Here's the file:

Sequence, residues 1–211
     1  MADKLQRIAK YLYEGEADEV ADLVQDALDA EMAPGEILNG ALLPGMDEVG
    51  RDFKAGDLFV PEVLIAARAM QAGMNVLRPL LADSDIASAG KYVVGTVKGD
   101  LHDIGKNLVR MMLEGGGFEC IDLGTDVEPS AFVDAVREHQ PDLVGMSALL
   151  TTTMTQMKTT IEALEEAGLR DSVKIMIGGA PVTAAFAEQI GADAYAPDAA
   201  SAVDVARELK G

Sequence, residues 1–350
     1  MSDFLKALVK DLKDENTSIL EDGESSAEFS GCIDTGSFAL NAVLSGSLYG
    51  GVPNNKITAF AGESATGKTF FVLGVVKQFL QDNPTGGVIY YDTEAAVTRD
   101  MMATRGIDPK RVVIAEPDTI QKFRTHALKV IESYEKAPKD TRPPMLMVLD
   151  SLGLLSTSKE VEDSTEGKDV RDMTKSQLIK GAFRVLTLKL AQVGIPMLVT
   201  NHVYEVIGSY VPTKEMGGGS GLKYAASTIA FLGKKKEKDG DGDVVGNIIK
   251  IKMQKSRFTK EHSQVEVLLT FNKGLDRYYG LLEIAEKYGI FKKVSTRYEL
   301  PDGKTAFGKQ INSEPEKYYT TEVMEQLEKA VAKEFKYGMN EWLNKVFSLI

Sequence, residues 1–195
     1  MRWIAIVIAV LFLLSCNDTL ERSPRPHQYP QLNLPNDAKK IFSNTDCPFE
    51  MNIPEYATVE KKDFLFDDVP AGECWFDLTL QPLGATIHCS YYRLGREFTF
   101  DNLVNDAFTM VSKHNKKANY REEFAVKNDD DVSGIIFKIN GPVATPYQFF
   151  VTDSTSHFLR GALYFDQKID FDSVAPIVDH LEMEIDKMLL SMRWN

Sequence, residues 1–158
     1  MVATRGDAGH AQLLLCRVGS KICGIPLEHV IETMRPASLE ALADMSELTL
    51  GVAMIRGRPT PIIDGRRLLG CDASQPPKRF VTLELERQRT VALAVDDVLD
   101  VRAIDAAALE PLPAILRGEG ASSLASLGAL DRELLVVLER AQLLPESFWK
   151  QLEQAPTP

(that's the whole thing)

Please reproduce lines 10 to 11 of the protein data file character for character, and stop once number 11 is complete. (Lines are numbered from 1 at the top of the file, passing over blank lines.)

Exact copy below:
   101  MMATRGIDPK RVVIAEPDTI QKFRTHALKV IESYEKAPKD TRPPMLMVLD
   151  SLGLLSTSKE VEDSTEGKDV RDMTKSQLIK GAFRVLTLKL AQVGIPMLVT